When he was ten years old, Chico Colvard accidentally shot his older sister, Paula, with his father's gun. The Colvard family never fully healed from the incident, but not solely because of Chico's mistake. Rather, it was while Paula was in the hospital that she and her two sisters, Angelika and Chiquita, admitted that their dad had been sexually abusing them for years. The reverberations of this confession extended from the elder Colvard being briefly jailed for the crime to the kids' mother---a German immigrant---cutting off contact with her children because the three girls continued to maintain amiable contact with their father after his release.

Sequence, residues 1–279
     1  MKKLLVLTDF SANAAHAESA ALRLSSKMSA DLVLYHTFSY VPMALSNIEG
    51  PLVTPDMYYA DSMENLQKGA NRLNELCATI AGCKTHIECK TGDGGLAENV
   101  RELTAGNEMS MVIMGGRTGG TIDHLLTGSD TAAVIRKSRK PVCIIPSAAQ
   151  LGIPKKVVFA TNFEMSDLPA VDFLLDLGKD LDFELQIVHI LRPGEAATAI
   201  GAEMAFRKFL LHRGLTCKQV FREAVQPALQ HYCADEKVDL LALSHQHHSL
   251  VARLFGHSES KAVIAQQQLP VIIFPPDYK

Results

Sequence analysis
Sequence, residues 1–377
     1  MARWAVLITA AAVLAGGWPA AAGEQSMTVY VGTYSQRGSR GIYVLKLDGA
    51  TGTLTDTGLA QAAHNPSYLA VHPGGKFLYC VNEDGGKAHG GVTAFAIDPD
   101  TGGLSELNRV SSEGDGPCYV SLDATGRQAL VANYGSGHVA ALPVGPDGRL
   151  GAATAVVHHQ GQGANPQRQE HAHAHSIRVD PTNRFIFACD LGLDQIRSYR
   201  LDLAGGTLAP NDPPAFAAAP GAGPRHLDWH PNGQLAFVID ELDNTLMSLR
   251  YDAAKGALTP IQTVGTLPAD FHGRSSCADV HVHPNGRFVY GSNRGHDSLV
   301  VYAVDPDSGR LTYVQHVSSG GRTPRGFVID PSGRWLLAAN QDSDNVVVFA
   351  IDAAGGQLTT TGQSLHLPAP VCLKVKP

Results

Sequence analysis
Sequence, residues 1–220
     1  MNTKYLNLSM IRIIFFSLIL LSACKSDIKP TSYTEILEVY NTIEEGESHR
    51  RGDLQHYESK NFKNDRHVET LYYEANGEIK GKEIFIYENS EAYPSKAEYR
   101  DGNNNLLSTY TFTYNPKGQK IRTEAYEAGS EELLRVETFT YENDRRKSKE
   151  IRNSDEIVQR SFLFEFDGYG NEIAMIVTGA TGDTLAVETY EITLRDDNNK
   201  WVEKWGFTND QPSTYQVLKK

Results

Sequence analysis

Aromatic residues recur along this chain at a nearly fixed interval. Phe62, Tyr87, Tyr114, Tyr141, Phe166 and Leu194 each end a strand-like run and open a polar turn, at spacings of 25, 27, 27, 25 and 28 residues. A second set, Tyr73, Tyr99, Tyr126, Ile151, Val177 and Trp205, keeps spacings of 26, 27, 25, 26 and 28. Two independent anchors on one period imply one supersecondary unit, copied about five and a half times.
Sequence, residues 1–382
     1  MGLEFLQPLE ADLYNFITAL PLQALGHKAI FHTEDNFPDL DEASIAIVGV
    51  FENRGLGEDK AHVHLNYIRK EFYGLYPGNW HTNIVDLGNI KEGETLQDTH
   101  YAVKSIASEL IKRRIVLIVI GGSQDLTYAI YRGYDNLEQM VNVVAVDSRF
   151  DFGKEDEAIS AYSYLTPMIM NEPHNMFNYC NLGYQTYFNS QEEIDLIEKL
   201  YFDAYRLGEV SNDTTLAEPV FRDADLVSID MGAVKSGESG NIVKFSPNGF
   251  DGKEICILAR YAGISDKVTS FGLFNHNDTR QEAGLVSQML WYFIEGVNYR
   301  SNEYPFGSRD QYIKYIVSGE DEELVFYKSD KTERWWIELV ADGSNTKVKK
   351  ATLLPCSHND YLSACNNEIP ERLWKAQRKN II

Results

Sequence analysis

What the movie's interviews reveal about the mind-set of these three incest survivors is indeed revelatory, yet the film is really about Chico's own story as much as (and often more than) his siblings' tale---which makes this chronicle of healing both intriguingly personal and frustratingly limited. He doesn't pretend to have any answers, but Colvard doesn't make any attempts to get at the bigger-picture issue of abuse as a social phenomenon either. Far be it from us to deny the director his deserved catharsis or to dissuade someone from speaking out about abuse. Still, Family Affair feels less like a documentary than one man's filmed therapy marathon, to which you're voyeuristically privy in an oversharing-on-Oprah sort of way.